Through the Gospel Hot Meal Service, Providence Baptist has helped several unemployed men and women secure jobs. Two Hot Meal participants now work for the church’s property department, and others have begun their own shoe shining services on the corners in Monrovia. While some of the Hot Meal participants have begun attending church services because of the outreach ministry, Reeves says the real success of the ministry can be seen in their lifestyle changes. “The same people who would pick your pocket on the street aren’t doing that anymore,” explained Reeves.

Sam Reeves FactsMinistry in Community: It’s about Partnership
Reeves has also sought to build and maintain relationships with other churches and institutions. In addition to continuing the partnership with Madison Square Church in Grand Rapids, Providence has also forged a sister church relationship with Shiloh Baptist Church in Trenton, New Jersey, and its pastor and Princeton Seminary graduate and trustee, Darrell Armstrong. For the last three years, ministry leaders from Shiloh have visited Providence and partnered with its ministers to do everything from evangelistic outreach to medical ministry to education and training for local teachers.
As with Providence’s relationship with Madison, the goal of the church partnership with Shiloh is for both congregations to learn from each other’s ministry models.  Reeves emphasizes that international church partnerships, like any other kind of partnership, must be mutual. He laments that all too often mission groups coming from the United States to Liberia or other communities different than their own embark with the mindset that they are bringing what the people need; that they have all the answers. Reeves explains, however, that true partnership is based on mutual learning. “Real partnership happens when we sit down with the understanding that I don’t know it all; I’m not bringing all the answers. Real partnership happens when we realize that both parties bring something to the table.” Reeves argues that this kind of cross-cultural, mutual partnership benefits both parties by first and foremost challenging their myopic views of God. “In opening ourselves to learn about God from other cultures, we realize that God is far bigger than our own culture.” Reeves maintains that this realization can help us appreciate and embrace different kinds of ministry.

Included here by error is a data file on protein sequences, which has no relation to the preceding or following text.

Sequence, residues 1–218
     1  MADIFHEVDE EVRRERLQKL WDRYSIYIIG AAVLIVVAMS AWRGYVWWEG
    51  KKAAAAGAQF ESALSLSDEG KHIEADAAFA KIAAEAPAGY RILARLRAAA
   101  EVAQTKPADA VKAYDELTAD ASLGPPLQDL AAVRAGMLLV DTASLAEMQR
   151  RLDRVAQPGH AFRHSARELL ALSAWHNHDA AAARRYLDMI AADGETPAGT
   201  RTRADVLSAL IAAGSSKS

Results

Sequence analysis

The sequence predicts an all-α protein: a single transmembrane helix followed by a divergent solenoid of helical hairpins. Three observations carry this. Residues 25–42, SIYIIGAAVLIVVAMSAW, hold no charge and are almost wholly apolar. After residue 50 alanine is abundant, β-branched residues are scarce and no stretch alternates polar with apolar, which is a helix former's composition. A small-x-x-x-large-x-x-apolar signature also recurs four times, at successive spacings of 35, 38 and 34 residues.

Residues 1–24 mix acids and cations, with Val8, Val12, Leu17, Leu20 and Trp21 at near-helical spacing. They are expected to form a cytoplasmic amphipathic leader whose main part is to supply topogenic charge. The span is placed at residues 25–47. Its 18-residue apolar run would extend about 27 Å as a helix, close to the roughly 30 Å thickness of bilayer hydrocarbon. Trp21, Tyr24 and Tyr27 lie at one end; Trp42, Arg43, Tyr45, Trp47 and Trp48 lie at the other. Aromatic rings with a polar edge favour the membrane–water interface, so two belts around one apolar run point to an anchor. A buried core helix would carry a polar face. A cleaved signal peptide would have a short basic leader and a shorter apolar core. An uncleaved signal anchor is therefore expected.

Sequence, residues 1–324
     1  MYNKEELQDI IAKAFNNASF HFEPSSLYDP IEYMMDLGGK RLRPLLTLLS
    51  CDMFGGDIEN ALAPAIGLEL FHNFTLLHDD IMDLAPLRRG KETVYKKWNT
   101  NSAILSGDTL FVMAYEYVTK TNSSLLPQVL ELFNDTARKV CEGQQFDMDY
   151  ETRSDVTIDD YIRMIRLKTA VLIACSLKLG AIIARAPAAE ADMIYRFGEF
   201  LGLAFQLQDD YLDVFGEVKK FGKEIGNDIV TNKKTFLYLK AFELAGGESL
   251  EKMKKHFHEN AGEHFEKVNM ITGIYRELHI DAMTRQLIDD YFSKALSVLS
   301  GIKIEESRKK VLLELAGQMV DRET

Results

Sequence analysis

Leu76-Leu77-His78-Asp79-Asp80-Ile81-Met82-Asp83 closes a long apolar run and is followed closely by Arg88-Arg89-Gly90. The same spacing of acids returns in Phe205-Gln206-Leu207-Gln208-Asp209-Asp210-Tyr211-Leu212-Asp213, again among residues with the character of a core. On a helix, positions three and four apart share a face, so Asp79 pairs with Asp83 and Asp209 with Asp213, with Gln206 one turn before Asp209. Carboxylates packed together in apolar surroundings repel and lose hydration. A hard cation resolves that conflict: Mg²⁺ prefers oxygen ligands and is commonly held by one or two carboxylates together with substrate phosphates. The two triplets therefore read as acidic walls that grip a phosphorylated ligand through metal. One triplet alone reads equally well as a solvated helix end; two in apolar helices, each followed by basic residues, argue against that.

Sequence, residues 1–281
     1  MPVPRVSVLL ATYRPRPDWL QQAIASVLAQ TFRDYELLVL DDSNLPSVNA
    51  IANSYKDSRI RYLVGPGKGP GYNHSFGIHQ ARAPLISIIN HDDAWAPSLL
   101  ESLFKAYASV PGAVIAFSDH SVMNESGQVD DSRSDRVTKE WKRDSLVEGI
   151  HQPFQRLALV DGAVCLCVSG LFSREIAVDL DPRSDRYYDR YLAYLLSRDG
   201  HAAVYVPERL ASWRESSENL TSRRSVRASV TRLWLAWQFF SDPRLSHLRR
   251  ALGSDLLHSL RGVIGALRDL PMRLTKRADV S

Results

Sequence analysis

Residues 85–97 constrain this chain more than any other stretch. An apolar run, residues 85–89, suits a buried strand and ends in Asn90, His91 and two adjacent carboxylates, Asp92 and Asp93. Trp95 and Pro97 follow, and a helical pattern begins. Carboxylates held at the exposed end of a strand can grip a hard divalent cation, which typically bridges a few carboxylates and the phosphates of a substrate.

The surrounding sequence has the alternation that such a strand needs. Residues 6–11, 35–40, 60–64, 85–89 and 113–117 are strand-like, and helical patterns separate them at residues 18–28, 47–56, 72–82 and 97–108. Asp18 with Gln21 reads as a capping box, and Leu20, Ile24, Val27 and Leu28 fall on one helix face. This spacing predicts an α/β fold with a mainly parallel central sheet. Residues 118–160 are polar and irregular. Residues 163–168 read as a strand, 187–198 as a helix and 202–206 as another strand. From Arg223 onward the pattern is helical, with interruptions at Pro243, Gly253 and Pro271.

In addition to developing relationships with other churches, Reeves has also striven to develop cross-cultural, mutual relationships through participating in Princeton Seminary’s international field education program. He has supervised three PTS summer field education interns since 2010 and has found the experience to be incredibly enlightening for both Providence Baptist Church and the interns. “It’s really a mutual learning experience—the intern becomes a better minister, and the ministry they leave back in Liberia is a better ministry because they’ve been a part of it,” he affirms, pointing to one former PTS intern, Marsha Scipio (M.Div., 2012), as a primary example. “Marsha has a legacy at our church. She helped us see the need to have a youth church by itself, outside of the regular church—to have a church planned and run for and by young people themselves. We have a youth church today because of her passion for youth ministry.” Reeves hopes that Princeton Seminary will continue to expand its international field education program so that more students and churches can form relationships like those Providence Baptist has formed with its PTS interns. He also hopes that other churches in Liberia will supervise PTS field education students so that both parties may be mutually blessed.

Reeves is not afraid to confess that, at nearly 193 years old, Providence Baptist Church, like most old churches, is steeped in a rich yet at times immobilizing tradition. He admits that one of his greatest challenges for the past nine years has been getting the church to see ministry “through new lenses” and go about ministry “in creative and innovative ways.” Nevertheless, he is quick to point out that this very challenge has also been the source of greatest joy, bringing renewed vision and vitality to the ministry. Reeves hopes that in continuing to develop mutual partnerships with churches like Madison Square and Shiloh Baptist, and with seminarians like PTS field education interns, Providence Baptist Church can continue to learn and be inspired by others, as well as be a source for learning and inspiration.